UNDP offers relief as Central America's torrential rains continue

Oct 19, 2011

Torrential rains blanketing five Central American countries and Mexico have affected nearly 570,000 people and left more than 80 dead. (Photo: UNDP Honduras)

The United Nations Development Programme (UNDP) is providing assistance to those hit by torrential rains that have devastated five Central American countries and Mexico, affected nearly 570,000 people and left more than 80 dead, according to preliminary reports.

In Nicaragua, where over 130,000 people were affected by the rains, and nearly 100 of the 9,100 in emergency shelters contracted the H1N1 influenza strain, the UN has been providing US$100,000 in medical and health-related relief, responding to the government’s request for humanitarian assistance.

The UN Resident Coordinator and UNDP Resident Representative in El Salvador, Roberto Valent, called the situation a catastrophe, estimating the destruction costs in the country at more than US$1 billion. Valent also called on the international community to  assist  Central America in order to rebuild the flood-affected countries in a more resilient manner, alerting that climate change-related disasters are likely to hit the region again.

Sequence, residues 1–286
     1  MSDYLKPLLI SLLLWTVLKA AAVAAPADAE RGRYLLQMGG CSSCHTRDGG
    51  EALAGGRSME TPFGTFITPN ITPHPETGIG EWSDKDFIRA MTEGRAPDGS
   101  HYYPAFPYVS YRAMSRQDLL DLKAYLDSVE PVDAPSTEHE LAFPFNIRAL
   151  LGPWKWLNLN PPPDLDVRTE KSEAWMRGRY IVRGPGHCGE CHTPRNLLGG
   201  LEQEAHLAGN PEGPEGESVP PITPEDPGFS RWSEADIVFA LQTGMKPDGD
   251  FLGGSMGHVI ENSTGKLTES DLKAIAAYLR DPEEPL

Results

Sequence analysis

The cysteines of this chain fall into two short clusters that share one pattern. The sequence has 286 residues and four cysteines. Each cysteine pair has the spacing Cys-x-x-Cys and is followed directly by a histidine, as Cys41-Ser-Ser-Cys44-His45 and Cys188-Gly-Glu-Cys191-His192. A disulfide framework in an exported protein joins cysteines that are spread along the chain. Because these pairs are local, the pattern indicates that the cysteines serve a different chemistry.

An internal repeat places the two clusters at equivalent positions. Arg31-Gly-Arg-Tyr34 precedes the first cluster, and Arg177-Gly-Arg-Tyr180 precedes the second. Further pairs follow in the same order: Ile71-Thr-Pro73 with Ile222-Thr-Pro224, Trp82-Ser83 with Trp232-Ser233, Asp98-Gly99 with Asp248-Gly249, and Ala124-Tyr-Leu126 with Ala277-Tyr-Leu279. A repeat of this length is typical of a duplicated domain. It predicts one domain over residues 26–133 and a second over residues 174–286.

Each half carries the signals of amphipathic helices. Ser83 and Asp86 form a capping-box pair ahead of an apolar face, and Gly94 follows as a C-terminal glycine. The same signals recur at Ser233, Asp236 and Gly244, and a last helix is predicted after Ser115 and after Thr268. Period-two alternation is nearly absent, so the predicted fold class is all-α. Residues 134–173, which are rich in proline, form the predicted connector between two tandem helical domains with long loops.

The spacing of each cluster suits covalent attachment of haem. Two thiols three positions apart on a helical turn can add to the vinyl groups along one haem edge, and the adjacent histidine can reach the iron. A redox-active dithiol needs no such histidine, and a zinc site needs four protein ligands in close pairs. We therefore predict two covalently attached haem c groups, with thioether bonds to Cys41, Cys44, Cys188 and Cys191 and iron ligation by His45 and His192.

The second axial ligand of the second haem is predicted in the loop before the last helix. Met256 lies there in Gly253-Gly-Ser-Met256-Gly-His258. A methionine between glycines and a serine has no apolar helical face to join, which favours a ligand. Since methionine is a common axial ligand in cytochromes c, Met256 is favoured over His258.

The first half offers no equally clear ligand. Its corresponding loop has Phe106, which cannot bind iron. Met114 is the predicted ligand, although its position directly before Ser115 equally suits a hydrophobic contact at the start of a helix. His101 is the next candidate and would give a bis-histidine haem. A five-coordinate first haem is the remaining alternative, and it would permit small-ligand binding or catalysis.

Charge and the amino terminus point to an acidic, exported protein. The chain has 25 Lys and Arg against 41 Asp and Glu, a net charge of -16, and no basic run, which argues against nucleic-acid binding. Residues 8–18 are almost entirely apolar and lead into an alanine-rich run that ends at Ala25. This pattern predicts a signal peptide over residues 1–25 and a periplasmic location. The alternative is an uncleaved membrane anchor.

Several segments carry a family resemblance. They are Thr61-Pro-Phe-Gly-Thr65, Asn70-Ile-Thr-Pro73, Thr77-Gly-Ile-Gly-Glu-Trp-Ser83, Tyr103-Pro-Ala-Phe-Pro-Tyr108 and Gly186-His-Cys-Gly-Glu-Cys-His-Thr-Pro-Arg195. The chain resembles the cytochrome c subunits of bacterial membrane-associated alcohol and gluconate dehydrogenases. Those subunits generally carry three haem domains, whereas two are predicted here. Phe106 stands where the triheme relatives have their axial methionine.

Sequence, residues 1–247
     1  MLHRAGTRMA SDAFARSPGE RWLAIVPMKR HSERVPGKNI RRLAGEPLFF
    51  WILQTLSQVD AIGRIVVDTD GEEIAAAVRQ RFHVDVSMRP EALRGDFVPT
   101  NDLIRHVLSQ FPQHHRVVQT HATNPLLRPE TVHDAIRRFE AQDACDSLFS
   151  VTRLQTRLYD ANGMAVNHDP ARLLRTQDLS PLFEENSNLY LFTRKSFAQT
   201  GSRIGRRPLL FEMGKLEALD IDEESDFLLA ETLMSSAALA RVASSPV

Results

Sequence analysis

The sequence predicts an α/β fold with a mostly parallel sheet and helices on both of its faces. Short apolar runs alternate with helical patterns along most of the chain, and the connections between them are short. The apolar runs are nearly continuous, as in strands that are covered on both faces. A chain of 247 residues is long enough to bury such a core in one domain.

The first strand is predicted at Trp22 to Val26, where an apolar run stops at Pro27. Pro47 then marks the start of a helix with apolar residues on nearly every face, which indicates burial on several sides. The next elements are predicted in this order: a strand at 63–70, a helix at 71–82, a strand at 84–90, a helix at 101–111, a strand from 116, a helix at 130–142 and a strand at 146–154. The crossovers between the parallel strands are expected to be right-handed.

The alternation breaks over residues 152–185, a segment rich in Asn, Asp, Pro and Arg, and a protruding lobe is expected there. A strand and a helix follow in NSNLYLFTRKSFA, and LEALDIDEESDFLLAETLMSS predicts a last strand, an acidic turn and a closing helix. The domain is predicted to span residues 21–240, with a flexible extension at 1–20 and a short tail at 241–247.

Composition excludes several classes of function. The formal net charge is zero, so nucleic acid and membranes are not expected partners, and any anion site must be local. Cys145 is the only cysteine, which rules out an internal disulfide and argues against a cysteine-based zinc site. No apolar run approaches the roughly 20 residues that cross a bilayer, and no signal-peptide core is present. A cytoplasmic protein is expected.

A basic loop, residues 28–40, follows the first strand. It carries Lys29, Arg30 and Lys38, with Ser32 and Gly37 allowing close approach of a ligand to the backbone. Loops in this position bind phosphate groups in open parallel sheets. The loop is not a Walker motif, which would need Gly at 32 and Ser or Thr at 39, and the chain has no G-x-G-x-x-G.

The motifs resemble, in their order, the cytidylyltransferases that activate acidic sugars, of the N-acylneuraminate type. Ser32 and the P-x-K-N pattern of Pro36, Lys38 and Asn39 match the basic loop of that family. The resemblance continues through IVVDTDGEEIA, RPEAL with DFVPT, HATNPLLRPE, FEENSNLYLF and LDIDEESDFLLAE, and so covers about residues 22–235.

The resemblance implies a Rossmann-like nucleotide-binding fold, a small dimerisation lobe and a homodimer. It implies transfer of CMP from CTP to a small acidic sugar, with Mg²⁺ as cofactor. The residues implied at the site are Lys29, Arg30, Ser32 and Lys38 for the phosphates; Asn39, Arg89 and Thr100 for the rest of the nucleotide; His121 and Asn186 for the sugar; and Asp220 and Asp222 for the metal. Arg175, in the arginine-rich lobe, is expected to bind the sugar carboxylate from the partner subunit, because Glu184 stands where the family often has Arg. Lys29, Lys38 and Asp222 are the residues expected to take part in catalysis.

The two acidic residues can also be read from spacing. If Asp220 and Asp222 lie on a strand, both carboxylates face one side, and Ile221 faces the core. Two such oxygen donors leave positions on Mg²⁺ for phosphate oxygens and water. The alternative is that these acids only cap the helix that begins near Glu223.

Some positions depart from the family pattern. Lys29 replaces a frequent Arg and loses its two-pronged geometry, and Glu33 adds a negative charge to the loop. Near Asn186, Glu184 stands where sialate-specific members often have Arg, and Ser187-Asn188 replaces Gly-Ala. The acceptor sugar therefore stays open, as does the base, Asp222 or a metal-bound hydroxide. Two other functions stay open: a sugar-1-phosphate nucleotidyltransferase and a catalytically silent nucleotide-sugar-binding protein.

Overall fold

A team of UN disaster assessment and coordination experts is working in Nicaragua and El Salvador—where precipitation levels are the highest in 50 years—to help prepare an urgent appeal to partner countries and donors to support the flood-affected population.

El Salvador and Guatemala are the countries worst affected so far—with at least 310,000 people affected and nearly 70 deaths—followed by Nicaragua, Mexico, Honduras and Costa Rica, according to the UN Office for the Coordination of Humanitarian Affairs (OCHA).

Rains from Tropical Depression 12-E began falling on 12 October and continued to date, resulting in significant human and economic losses, including damaged public infrastructure, and destroyed homes, crops and livestock.

Countries affected by the rains have evacuated more than 60,000 people, and are accommodating nearly 50,000 in temporary shelters.

Among the most urgent needs of the affected population are drinking water, food, medicines, personal hygiene supplies and blankets, according to OCHA.

The World Food Programme has begun distributing food in El Salvador, Guatemala, Honduras and Nicaragua.

UNDP has stressed the importance of starting recovery efforts as swiftly as possible, in the earliest stages of the emergency.

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